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The First Angiosperm

September 18, 2017

Humans have a fascination with firsts; and, rightly so, since they often mark significant accomplishments for mankind. Notable firsts include the first man to run a four-minute-mile (Roger Bannister in 1954), the first ascent of Mount Everest by Edmund Hillary and Tenzing Norgay in 1953, the first man in space (Yuri Gagarin in 1961), and the first man to walk on the Moon (Neil Armstrong in 1969).

Yuri Gagarin

Soviet cosmonaut, Yuri Gagarin, the the first man in space, in a 1963 photo.

Gagarin died in 1968 in the crash of a MiG-15 training jet he was piloting.

It's suspected that the root cause of the crash was faulty weather information provided by an air traffic controller.

RIA Novosti photo via Wikimedia Commons.

Scientists are often motivated to be the first to make a discovery, and they enjoy establishing priority in the publication of scientific results. That's why scientific journals print the submission date for manuscripts along with the publication date. This competition for priority is mostly friendly, since science involves sharing, rather than hoarding, data, so competing research teams will often arrange to publish their results in separate articles, but in the same journal on the same date. One example of this is the discovery of the J/psi meson, discovered independently by the Stanford Linear Accelerator Center and Brookhaven National Laboratory, and jointly announced in 1974.

There's a saying in the Bible (Matthew 20:16) about the last being the first, and this is true for organisms known as the last common ancestor. The last common ancestor is actually the first individual from which all organisms in a particular group are directly descended. The ultimate first in this case is the last universal common ancestor, the last common ancestor of all life now on the Earth. This progenitor of all life we now see could have existed as early as 3.8 billion years ago.

Figure caption

Darwin speculated about our last universal common ancestor having originated in a "warm little pond."[1]

Ernst Haeckel (1834–1919) depicted a tree of life ascending to man, the pinnacle of evolution, at least by anthropocentric standards.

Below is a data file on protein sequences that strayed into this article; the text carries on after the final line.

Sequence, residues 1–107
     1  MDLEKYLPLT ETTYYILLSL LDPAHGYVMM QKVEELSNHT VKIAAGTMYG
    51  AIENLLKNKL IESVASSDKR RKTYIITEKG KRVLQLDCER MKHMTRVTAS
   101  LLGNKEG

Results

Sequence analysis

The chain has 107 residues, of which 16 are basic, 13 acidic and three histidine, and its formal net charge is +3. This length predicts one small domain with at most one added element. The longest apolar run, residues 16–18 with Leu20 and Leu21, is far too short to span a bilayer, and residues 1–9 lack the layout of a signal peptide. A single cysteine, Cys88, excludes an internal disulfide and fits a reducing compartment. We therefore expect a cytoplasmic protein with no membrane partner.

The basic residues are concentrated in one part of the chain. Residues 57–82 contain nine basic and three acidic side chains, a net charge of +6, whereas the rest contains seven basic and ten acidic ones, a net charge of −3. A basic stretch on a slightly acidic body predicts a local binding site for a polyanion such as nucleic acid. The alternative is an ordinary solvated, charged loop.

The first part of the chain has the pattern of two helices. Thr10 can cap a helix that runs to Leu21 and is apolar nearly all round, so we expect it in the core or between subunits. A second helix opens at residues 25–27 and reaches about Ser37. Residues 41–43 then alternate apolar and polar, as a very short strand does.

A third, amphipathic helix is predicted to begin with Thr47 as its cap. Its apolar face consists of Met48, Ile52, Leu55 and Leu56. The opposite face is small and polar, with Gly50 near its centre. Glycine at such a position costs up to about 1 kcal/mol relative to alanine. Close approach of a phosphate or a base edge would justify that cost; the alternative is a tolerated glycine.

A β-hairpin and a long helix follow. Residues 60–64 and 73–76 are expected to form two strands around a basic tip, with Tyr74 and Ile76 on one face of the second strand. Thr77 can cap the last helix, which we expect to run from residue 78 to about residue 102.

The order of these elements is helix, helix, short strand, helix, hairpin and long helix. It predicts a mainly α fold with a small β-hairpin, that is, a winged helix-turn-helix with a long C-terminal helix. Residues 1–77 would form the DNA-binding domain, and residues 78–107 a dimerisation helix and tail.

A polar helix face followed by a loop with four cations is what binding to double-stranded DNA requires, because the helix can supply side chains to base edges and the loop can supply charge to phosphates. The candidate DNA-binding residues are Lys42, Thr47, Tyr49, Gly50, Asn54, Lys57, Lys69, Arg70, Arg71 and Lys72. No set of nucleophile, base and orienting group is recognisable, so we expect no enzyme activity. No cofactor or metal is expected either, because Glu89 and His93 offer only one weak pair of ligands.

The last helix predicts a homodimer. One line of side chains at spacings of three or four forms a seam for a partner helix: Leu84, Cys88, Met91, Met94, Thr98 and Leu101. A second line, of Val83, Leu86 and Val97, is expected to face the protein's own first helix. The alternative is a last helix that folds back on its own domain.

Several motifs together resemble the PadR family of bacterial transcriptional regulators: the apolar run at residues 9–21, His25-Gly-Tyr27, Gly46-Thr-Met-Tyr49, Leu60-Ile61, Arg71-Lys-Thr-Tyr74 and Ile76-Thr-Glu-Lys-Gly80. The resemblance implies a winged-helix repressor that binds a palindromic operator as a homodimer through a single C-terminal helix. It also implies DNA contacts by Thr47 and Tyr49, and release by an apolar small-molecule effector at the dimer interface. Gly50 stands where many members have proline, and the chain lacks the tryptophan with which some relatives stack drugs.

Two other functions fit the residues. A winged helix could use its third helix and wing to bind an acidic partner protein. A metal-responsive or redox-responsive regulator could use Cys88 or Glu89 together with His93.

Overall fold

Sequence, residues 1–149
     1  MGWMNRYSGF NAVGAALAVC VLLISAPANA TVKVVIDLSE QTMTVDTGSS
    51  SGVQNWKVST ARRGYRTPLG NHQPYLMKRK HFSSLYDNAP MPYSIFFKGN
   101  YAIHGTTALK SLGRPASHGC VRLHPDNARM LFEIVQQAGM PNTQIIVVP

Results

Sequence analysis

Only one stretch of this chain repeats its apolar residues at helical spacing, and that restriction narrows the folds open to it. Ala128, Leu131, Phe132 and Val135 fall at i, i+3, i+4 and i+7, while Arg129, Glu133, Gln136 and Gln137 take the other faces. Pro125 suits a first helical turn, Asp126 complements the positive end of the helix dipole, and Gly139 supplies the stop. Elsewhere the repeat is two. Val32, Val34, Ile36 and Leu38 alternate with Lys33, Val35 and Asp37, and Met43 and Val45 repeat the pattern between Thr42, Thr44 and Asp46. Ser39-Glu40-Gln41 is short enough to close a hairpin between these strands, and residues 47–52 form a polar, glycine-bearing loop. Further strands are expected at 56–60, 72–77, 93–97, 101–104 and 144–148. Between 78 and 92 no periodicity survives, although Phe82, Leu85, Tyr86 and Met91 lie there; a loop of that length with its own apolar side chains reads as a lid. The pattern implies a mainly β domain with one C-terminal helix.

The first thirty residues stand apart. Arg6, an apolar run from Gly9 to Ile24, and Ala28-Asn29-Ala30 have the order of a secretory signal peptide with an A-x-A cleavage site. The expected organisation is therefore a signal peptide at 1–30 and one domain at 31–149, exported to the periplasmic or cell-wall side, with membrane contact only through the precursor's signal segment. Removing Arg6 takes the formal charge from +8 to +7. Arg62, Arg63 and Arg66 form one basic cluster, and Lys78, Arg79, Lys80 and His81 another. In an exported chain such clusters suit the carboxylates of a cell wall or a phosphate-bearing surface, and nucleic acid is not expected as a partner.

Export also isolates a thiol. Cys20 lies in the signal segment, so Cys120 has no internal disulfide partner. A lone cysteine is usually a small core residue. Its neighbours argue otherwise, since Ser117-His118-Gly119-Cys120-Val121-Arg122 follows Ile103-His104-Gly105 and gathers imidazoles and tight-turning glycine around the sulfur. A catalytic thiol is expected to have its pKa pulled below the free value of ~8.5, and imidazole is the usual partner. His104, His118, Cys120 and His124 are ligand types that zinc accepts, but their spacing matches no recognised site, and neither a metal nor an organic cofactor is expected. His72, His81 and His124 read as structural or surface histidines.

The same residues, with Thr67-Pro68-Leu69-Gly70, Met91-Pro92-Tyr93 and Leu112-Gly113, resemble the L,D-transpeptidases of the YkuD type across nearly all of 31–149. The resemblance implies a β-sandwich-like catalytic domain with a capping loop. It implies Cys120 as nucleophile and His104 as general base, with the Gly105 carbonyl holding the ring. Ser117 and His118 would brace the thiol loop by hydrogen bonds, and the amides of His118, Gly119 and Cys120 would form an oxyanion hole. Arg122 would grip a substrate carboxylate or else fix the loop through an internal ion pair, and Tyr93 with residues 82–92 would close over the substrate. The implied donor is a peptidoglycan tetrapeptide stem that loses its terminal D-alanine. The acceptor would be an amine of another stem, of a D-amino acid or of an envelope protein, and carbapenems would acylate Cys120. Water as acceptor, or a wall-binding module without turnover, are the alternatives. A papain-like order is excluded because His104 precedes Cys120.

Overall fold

On the left, Haeckel's 1879 Tree of Life, via Wikimedia Commons.

(Click for larger image.)

One interesting species adaptation is the emergence of the flowering plants, the angiosperms. Flowers have a multiple purpose. They contain the reproductive parts of the plants, and the flowers are designed to attract pollinators, such as birds and insects. Once fertilization occurs, the flower is host to seed-bearing fruit. The flowers are designed to prevent cross-breeding that could cause crossing back with related species and a lessened diversity. As a consequence, angiosperms evolved to fill a wide range of ecological niches, so there are nearly 300,000 known angiosperm species in about 13,000 genera and 416 families. Charles Darwin himself was amazed at the rapid rate at which flowering plants diversified.

A huge international research team,[2] calling itself the eFLOWER project, data mined scientific papers and created a huge database of modern flower structures, including their sexual organs and the layout of their petals.[3-8] Through an analysis of their more than 13,000 database entries that went back as far as a 1783 description by Jean-Baptiste Lamarck, combined with DNA and fossil information, the research team was able to deduce the most likely structure and shape for the earliest flowers.[4]

The angiosperms (flowering plants) comprise about 90% of all plants on Earth, and it's believed that they evolved about 140 million years ago from seed plants that existed 310–350 million years ago.[3] The fossil record for angiosperms goes back just 130 million years, so the first 10 million years of angiosperm evolution is unknown.[3-4,6-7] Modern analytical methods allow the inference of such evolution without a fossil record via the distribution of floral traits among extant angiosperms combined with models of morphological evolution.[3]